Ruthie Midona has worked the front desk at the Providence Luxury Retirement Villa for six years, dedicating her entire adult life to caring for the Villa’s residents, maintaining the property (with an assist from DIY YouTube tutorials), and guarding the endangered tortoises that live in the Villa’s gardens. Somewhere along the way, she’s forgotten that she’s young and beautiful, and that there’s a world outside of work—until she meets the son of the property developer who just acquired the retirement center.
Teddy Prescott has spent the last few years partying, sleeping in late, tattooing himself when bored, and generally not taking life too seriously—something his father, who dreams of grooming Teddy into his successor, can’t understand. When Teddy needs a place to crash, his father seizes the chance to get him to grow up. He’ll let Teddy stay in one of the on-site cottages at the retirement home, but only if he works to earn his keep. Teddy agrees—he can change a few lightbulbs and clip some hedges, no sweat. But Ruthie has plans for Teddy too.
Her two wealthiest and most eccentric residents have just placed an ad (yet another!) seeking a new personal assistant to torment. The women are ninety-year-old, four-foot-tall menaces, and not one of their assistants has lasted a full week. Offering up Teddy seems like a surefire way to get rid of the tall, handsome, unnerving man who won’t stop getting under her skin.
Ruthie doesn’t count on the fact that in Teddy Prescott, the Biddies may have finally met their match. He’ll pick up Chanel gowns from the dry cleaner and cut Big Macs into bite-sized bits. He’ll do repairs around the property, make the residents laugh, and charm the entire villa. He might even remind Ruthie what it’s like to be young and fun again. But when she finds out Teddy’s father’s only fixing up the retirement home to sell it, putting everything she cares about in jeopardy, she’s left wondering if Teddy’s magic was all just a façade.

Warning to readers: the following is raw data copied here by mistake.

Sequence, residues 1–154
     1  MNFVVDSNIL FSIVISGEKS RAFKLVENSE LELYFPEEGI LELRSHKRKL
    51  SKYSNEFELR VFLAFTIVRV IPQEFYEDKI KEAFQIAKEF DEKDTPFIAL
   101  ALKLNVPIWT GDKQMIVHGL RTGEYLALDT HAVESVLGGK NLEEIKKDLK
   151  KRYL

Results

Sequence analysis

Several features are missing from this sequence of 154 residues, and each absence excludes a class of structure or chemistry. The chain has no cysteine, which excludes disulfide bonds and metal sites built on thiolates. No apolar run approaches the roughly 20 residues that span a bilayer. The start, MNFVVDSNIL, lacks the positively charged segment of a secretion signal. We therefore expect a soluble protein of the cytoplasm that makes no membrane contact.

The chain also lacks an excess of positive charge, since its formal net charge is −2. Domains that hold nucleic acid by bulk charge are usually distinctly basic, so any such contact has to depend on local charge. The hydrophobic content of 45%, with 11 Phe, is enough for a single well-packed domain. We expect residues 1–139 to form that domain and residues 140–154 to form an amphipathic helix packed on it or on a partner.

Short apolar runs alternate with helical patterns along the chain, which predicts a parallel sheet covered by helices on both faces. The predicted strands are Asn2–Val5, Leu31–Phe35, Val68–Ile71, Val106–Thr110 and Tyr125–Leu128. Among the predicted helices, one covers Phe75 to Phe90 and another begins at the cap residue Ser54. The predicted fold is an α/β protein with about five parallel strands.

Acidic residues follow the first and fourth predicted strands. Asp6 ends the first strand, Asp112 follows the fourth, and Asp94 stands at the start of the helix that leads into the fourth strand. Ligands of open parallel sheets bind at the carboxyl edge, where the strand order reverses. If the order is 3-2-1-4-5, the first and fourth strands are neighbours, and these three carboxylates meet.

I thought the premise of Second First Impressions was cool. A twenty-five-year-old woman who dresses like she’s closing in on one hundred meets a biker tattoo artist, and a romance goes from there. It is a nice concept, but I’m not sure how much I ended up liking the book.
Ruthie has anxiety because apparently, either the hero or heroine or both has to. She grew up in not the most loving household where her father was a reverend and was very hard on her. I’m not a fan of religion in books, and for a minute, I thought things were going to veer too far into a Christian book territory, but thankfully it never did. Sex scenes were pretty tame, and there were occasional mentions of her old church, but a discussion never came up.
Teddy was described as a womanizer, but I never got that vibe from him. His past conquests were mentioned, and one even showed up at some point, but he came off as more of a flirt and fun person. That may be because the story was from Ruthie’s perspective, and she didn’t think of him that way. He had his own family issues, but they ended up being resolved.
An issue I had with the ending is that Ruthie never got her big resolution with her family. There was one line in the epilogue that mentioned them and that they no longer believed she’d let $10k get stolen when she was a child, but that was it. I was crying when Teddy got his big talk with his sister, but there was nothing from Ruthie. It was very disappointing.
Second First Impressions ended up being a bit lacking for me. The support characters ended up being much more interesting than the heroine. After having to DNF Love at First and then not enjoying Second First Impressions, I’m bummed. Hopefully, my next read is good.